Hector Figueroa Payson Town Council

Payson Town Attorney Hector Figueroa offered a lesson in Robert’s Rules to Order at a recent council meeting.

When’s a contract not a contract?

When’s a motion not a motion?

And why’s everybody picking on the Payson Town Council?

The town council got a dose of irony and open meeting law bewilderment at its March 28 meeting — right after a lecture on Robert’s Rules of Order.

It started with a presentation by Town Attorney Hector Figueroa, nettled by social media comments on the new council’s reportedly casual approach to procedure.

“The reason I asked to make the presentation is because I got wind that on social media certain individuals were thinking that you, Mr. Mayor, should have walked onto the scene and known everything about Robert’s Rules of Order and procedure,” he said. “I want to tell you, it’s not easy.”

But he offered help.

“You’re the fourth mayor in this town (that I’ve worked with),” he said. “Each mayor has asked me to be the sergeant-at-arms and the parliamentarian.”

He said they need to work together when it comes to running meetings — and making sure everything they vote on, shows up first on a publicly posted agenda.

The new council’s had a hard time getting this right at times.

Not to worry.

“You have absolute immunity for what you do so long as it is on the agenda,” he said.

By meeting’s end, he proved himself wrong.

Blame agenda item H.7.

It dealt with extending a contract with ESI to rehire a retired staff member still drawing a pension.

Specifically, the town has been paying former water director Buzz Walker on average $100,000 annually since his retirement in 2010.

Walker supervises the $54 million C.C. Cragin water project. He has been working on the water project for 20 years. But, his contract expires June 30, said Town Manager LaRon Garrett.

Water from Cragin arrives in Payson this summer.

Does the town need Walker until all the technical bugs get, well, flushed out of the system?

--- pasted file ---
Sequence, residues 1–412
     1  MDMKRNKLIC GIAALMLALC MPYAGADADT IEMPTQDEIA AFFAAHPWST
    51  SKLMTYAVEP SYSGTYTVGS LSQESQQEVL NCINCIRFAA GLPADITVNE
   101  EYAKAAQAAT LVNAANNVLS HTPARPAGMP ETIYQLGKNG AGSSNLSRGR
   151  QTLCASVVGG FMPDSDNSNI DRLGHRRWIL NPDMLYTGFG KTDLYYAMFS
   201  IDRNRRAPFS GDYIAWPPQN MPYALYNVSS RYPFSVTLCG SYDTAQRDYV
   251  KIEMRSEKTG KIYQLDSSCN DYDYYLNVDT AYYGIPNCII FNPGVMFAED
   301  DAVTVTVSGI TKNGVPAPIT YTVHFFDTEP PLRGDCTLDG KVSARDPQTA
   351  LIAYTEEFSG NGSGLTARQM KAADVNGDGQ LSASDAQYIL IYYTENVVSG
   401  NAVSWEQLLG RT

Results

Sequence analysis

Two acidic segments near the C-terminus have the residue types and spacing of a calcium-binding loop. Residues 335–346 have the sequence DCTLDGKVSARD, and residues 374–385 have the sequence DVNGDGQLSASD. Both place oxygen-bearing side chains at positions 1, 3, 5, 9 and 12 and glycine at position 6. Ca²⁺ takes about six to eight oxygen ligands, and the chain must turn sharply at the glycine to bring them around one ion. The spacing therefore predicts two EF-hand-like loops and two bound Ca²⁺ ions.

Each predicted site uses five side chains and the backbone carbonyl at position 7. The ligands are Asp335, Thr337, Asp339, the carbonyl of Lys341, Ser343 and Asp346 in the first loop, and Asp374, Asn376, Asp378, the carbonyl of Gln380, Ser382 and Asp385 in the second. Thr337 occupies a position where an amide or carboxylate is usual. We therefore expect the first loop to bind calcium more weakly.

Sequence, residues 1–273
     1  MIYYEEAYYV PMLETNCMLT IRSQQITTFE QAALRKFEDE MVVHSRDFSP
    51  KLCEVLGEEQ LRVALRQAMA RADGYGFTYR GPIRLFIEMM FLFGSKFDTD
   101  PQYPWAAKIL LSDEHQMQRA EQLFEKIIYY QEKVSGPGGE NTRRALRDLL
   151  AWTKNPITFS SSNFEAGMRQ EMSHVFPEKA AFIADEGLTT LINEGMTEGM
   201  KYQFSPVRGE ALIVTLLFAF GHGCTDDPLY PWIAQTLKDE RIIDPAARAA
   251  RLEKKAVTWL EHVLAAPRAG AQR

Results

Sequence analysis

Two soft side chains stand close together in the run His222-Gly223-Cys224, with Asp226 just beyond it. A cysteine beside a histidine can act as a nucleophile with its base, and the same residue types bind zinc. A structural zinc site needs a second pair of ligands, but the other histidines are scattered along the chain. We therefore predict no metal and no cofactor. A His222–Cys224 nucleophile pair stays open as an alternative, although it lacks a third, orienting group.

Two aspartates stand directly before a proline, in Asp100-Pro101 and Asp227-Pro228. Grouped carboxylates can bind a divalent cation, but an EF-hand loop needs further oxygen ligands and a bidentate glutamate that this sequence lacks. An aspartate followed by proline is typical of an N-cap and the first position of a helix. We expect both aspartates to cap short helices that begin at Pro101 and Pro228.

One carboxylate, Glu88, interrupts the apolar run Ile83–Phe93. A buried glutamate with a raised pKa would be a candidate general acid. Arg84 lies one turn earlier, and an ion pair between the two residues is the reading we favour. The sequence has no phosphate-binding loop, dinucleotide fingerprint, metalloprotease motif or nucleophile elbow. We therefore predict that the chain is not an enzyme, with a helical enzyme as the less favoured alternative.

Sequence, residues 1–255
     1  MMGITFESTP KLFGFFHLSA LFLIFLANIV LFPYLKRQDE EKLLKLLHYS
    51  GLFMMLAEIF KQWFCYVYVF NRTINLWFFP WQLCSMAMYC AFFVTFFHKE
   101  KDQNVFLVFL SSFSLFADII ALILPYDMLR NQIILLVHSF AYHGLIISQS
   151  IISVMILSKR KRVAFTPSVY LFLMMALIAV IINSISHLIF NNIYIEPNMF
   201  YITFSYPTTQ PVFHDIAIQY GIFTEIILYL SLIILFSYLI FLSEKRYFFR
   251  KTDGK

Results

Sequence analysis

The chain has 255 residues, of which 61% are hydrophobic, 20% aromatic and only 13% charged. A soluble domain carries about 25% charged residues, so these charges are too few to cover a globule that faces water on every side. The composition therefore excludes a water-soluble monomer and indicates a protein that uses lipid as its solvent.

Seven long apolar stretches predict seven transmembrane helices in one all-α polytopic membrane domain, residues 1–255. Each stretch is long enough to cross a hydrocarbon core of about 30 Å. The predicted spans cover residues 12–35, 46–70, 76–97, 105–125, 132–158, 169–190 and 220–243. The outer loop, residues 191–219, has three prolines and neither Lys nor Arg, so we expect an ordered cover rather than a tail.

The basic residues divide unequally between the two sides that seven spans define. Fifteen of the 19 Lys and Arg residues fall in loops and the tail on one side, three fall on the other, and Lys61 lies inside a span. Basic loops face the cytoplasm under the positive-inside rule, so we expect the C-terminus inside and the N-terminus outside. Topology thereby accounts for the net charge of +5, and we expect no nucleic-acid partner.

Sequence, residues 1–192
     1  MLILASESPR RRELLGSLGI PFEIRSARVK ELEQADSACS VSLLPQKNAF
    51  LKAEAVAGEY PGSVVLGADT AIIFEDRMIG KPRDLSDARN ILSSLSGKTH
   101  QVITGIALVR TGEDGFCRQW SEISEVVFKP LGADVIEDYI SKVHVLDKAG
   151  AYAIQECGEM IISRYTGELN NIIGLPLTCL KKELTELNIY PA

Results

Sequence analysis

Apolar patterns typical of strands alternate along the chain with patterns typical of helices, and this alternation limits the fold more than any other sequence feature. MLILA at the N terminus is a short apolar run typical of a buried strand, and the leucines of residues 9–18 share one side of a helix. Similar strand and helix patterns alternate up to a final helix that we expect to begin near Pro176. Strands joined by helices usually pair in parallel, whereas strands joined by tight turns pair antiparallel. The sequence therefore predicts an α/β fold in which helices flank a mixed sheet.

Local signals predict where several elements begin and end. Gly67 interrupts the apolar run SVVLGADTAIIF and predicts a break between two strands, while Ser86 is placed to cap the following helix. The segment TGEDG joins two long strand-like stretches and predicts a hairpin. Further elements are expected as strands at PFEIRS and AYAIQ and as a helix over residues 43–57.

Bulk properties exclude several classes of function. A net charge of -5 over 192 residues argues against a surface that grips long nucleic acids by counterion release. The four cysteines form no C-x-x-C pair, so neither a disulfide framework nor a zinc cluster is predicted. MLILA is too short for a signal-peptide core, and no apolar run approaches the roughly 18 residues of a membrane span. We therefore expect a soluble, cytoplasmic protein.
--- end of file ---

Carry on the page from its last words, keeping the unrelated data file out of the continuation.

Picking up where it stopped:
Morrissey was skeptical.

“We have water department manager Tanner Henry right? And is Tanner Henry not competent enough to be able to take this into July?” he asked.

That opened the floodgates.

Councilor Chris Higgins said Henry could handle things.

Councilor Suzy Tubbs asked how Henry would feel taking the project on after July 1.

Councilor Jim Ferris said he was surprised to learn that Walker was still doing negotiations with SRP.

“Our water manager should be a part of that,” he said.

Councilor Steve Smith figured the town has paid Walker $750,000 in the past eight years — on top of his pension.

That’s enough, he said.

Smith made a motion to have Walker report directly to Henry so by the end of the contract term Henry would be up to speed.

But that was not the agenda.

It only covered the July 1 contract extension. It didn’t say a word about changing the current contract.

Then Morrissey amended Smith’s motion so the town could take back Walker’s town-owned vehicle.

Councilor Barbara Underwood, who is also on the school board, raised a point of order.

“I’m just wondering, Hector, have we gone beyond the parameters of the resolution?”

Figueroa said he didn’t think so.

“We are voting to have a 30-day notice to Buzz,” he said. “We were not deciding on his current contract.”

With Figueroa’s consent, the council voted 6-1.

Underwood cast the sole dissenting vote, but turns out, it was actually Underwood’s bag of trail mix, which had hit the no button.

“I didn’t want to do that,” she said.

But it turns out, the trail mix was right.

Just before closing out the meeting, Figueroa asked the council to rescind its motion on Walker.

The staff could check out the contract, but the current contract wasn’t on the agenda.

The council reversed the motion.

Not only have previous councils been on open meeting law probation, but the state could jerk millions in funding for meeting law scofflaws.

Figueroa asked residents to go easy on the council.

“You have to give the new council a break ... give leeway to the elected officials getting harangued in the news media ... we do not deserve to be harangued by anybody.”

contact the reporter at: mnelson@payson.com

I cover the Town of Payson, courts, wildfire, business, families, non-profits, the environment and investigative reporting

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(1) comment

Phil Mason

Pitiful excuse for a story. I worked at the State Legislature as staff in both the House and Senate. The problem is the Open Meeting Law. The lawyers in the House, the Senate, Legislative Council, the Sec of State Legal Counsel, the Attorney General, and law firm lobbyists ALL have different interpretations of the OML. Common sense transparency is trumped by nit picking so that the people's work is impeded. I don't know of anyone who believes our Mayor and Council are being deceptive or duplicitous. Even the report from the AG's office made stupid statements about items not being violations but opined that 'it could be clearer to avoid misunderstanding. If the paper had to operate under strict Open Meeting Law rules, we would still be waiting for the initial issue.

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